5 Tips for Mass Cleaning Your Gmail

Image with the title of this blog post: 5 Tips for Mass Cleaning Your Gmail

Sometimes inspiration for a post can come from the strangest of places. I’ll get into this in a bit, this is a tutorial on how to begin mass cleaning your Gmail inbox.

First of all, how do you define mass cleaning? I’d say it’s when you have thousands of mail to go through and don’t know where to start. This happened to me recently, and no it’s not my inbox I’m talking about.

A Story to Give Some Context

A few weeks ago my mother passed away. Since then, my brother and I have divided the things that need to be done at such an event. He, being in the funeral business, has taken the responsibility to prepare the funeral with all that it entails. I, being in the tech industry, decided to take care of the digital part of our mother’s life. This includes going over information on her laptop, and external hard drive, and yes going through her inboxes to see if there was anything there we needed to act on.

Image showing a very full Gmail inbox
An example of how many e-mails were in one of the Gmail inboxes.

The first problem? Knowing how many e-mail addresses I needed to access. Once that was done the next problem was obvious: how do you go through an inbox with 11-14k unread e-mails?

How do you go from 11-14k e-mails to something more manageable?

Image showing the icon for iOS Mail app with two new mails
Photo by Brett Jordan on Unsplash

This is where I got the idea to make a guide for how to mass-clean an inbox. Perhaps this can help someone else, that is the goal here.

Use Keywords to Your Advantage

My first tip is to use keywords to your advantage. Use the search at the top of your inbox and let the computer do the magic for you!

Keywords will be highlighted, which makes it faster and easier for you to skim through posts.

Image showing where to find the search bar in Gmail
The search bar and filtering in Gmail can help you out when you try to clean your inbox.

Also, if you have an idea what you’re looking for you can use the buttons below the bar to your advantage. Sometimes you know the sender, but sometimes you wish to find an e-mail from a sender and the mail should also have an attachment.

Image showing the buttons you can use to search in Gmail.
Sometimes filtering your search can help a lot!

Unsubscribe as You Go – But Save One for Later!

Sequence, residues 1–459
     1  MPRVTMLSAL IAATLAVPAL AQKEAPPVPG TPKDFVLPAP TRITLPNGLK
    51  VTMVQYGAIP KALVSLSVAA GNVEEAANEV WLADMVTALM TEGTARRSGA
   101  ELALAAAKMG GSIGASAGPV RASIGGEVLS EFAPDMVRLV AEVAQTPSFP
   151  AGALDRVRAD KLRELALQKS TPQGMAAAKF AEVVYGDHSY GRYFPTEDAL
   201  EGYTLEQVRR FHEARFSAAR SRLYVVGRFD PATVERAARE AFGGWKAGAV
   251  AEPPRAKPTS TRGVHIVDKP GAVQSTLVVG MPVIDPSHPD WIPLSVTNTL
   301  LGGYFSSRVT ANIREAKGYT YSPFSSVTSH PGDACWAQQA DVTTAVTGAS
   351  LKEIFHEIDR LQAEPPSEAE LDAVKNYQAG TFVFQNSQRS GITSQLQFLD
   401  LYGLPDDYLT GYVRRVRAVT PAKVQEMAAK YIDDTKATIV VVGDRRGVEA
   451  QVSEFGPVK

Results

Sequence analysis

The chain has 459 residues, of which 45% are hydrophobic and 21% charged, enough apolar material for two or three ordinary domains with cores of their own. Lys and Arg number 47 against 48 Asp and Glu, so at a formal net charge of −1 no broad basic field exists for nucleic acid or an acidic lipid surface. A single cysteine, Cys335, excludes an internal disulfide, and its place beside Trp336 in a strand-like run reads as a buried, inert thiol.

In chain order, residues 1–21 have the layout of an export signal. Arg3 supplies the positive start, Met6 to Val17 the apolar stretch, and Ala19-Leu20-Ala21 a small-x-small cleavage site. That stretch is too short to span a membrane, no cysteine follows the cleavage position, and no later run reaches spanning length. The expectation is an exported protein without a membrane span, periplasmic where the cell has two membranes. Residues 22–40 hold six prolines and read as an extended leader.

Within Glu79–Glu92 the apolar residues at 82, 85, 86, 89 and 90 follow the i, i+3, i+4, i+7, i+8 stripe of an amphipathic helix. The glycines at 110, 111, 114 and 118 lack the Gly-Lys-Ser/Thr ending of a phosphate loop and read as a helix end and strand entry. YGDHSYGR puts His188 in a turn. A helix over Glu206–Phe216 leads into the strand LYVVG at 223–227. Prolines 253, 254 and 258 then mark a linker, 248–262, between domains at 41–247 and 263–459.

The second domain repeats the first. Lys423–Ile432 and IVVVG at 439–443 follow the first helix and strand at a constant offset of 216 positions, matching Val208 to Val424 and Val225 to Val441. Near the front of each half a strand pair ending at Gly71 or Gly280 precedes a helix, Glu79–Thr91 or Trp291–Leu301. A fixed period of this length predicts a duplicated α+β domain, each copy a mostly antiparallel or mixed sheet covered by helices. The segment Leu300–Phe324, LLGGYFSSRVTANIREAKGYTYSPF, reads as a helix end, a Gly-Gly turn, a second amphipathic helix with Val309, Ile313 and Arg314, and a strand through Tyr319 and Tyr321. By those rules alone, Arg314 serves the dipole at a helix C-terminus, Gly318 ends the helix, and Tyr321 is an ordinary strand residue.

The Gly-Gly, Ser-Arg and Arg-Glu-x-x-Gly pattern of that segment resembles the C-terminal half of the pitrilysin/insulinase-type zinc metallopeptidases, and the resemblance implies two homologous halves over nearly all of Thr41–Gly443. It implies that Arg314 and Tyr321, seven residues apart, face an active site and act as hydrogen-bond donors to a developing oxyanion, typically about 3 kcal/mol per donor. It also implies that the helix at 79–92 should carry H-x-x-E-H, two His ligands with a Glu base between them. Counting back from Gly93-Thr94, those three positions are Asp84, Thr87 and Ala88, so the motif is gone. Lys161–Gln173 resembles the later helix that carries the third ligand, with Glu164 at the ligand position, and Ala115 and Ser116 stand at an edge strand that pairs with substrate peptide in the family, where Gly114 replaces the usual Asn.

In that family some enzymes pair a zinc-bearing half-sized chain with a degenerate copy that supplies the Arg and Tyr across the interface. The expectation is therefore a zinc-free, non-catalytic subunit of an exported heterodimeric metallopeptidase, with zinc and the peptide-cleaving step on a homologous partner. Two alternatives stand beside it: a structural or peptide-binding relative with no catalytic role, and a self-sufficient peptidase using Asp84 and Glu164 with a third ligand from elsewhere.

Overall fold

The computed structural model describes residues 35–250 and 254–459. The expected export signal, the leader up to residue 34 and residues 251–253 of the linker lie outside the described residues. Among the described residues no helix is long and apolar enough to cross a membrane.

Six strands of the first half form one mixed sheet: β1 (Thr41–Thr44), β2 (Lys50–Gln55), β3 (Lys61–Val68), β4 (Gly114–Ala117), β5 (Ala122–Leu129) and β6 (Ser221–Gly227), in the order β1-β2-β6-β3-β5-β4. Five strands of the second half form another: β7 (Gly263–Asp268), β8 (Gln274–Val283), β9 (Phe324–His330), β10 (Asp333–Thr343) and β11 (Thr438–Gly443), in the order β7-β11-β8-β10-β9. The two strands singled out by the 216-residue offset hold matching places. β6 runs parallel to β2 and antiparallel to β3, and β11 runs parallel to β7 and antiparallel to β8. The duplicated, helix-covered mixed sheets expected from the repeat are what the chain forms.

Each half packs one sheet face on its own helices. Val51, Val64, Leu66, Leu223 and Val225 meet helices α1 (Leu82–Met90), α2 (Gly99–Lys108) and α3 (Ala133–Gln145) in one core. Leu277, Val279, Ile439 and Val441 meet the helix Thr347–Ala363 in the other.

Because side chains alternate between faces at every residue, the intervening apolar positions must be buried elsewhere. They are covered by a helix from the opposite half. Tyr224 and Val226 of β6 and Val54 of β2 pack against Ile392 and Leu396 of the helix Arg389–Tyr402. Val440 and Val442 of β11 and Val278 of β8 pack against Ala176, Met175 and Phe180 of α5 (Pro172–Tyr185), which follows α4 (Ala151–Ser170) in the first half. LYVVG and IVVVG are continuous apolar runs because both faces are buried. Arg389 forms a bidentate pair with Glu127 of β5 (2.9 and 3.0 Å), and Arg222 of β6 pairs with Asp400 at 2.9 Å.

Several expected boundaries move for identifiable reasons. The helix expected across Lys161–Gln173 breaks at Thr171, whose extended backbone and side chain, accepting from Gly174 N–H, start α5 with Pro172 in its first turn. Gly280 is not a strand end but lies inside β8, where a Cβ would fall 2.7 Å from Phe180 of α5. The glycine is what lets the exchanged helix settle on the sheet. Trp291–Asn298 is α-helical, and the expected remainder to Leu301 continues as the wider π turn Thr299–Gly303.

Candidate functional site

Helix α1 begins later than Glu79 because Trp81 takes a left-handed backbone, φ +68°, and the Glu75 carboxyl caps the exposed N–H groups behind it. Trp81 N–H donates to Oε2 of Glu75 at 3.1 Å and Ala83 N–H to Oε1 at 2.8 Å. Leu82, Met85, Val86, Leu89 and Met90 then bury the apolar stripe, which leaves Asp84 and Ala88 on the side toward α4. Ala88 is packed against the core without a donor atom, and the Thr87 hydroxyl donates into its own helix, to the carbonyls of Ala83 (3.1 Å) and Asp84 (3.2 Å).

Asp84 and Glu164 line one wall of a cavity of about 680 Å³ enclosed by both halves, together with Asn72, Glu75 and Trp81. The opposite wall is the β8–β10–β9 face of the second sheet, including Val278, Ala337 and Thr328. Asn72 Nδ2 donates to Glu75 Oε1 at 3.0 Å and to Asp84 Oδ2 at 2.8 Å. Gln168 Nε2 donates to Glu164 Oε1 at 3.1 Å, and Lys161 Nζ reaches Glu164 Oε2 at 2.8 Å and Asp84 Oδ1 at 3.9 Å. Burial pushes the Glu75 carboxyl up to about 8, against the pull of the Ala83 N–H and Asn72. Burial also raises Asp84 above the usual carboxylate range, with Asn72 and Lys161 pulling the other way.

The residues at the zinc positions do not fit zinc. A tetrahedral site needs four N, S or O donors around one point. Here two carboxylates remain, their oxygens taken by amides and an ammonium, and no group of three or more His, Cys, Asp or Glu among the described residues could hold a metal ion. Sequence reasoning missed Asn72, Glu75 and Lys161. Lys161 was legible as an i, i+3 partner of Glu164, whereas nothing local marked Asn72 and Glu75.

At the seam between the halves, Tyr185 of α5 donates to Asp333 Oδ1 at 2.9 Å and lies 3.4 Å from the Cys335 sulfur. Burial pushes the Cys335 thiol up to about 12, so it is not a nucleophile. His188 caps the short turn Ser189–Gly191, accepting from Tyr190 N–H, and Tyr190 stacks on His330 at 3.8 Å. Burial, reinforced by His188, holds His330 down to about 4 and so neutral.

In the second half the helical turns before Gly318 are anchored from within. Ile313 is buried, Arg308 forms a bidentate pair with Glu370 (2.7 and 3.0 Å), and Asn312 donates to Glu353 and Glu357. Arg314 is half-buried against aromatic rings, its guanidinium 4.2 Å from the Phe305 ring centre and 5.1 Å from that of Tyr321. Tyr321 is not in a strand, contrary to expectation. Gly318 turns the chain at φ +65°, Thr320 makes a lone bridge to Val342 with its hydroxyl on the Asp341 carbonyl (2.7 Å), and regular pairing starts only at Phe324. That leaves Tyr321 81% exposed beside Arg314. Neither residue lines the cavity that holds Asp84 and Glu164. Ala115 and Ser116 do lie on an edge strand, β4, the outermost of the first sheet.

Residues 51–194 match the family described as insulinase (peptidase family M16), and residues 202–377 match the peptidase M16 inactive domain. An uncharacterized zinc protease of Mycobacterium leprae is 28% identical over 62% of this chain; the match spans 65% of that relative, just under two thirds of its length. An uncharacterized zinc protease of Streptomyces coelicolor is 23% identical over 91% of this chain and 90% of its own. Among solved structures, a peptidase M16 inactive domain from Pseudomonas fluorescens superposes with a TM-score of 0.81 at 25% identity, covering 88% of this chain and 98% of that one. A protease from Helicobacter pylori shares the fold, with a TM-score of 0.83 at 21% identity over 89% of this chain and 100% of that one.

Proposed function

As you go through the inbox, use the Gmail unsubscribe button where you can. This will save you from getting a headache later on. For mass cleaning, I used the ”check all” option and marked all keywords searched as read. I then unchecked the latest e-mail and saved this for later, the rest I deleted. This way you can see quick progress and by saving the latest e-mail it’s easier to check later if you forgot to unsubscribe for a newsletter.

Account Pruning

Saving at least one e-mail from each sender serves another purpose: account pruning. When you have a clear view of where your e-mails come from, it’s also easier to see which accounts you no longer need or use. Take the time to remove and delete accounts you no longer wish to have. Unsubscribing prevents you from getting more e-mails, and deleting the account makes your digital footprint online smaller and easier to take care of.

Use Domain Names to Your Advantage

Sometimes keywords won’t be enough to capture all newsletters. This is true if there are multiple senders, but they all belong to the same domain (I’m looking at you Wish!). In this case, use @domain in your search, then use the steps I’ve previously described for unsubscribing and keeping one mail from each sender.

Example of using domain names in the search bar in Gmail.
Using domain names can help you see emails that are connected

Avoid Getting a Cluttered Inbox in the First Place

Of course, it’s easier to keep your inbox in good shape in the first place, rather than having to sit down for a massive cleaning. Oh, how I wish I could the same could be said for an apartment or house: clean once and be done forever!

A few tips along the way are the following:

  • Unsubscribe to newsletters regularly.
  • Use folders or tags to sort your mail.
  • Use e-mail rules to sort your inbox automatically.

As mentioned in a previous post using different folders and rules to sort your e-mails can help a ton. Unsubscribing to newsletters regularly helps since fewer e-mails arrive for you to take care of. If a subject no longer interests you, unsubscribe! If you wish to subscribe again, this is usually an easy thing to do.


To summarize:

  • Use keywords = see the keywords highlighted and organized. the highlighter makes it easy to skim through the posts quickly
  • unsubscribe/check which accounts you still use
  • check all the posts – but keep an eye out for things to unsubscribe from
  • sometimes searching for the sender is better than keywords
  • use @domain in your search to capture newsletters from different accounts but the same domain
  • Tips to avoid building a pile of e-mails: unsubscribe regularly, use e-mail rules, use folders to stay organized

Hopefully, your inbox is below 10k e-mails when you begin, if not you have some suggestions on how to get started.

Happy spring cleaning your inbox!


Language teacher interested in reading, art, games, and how technology can help out in everyday life.

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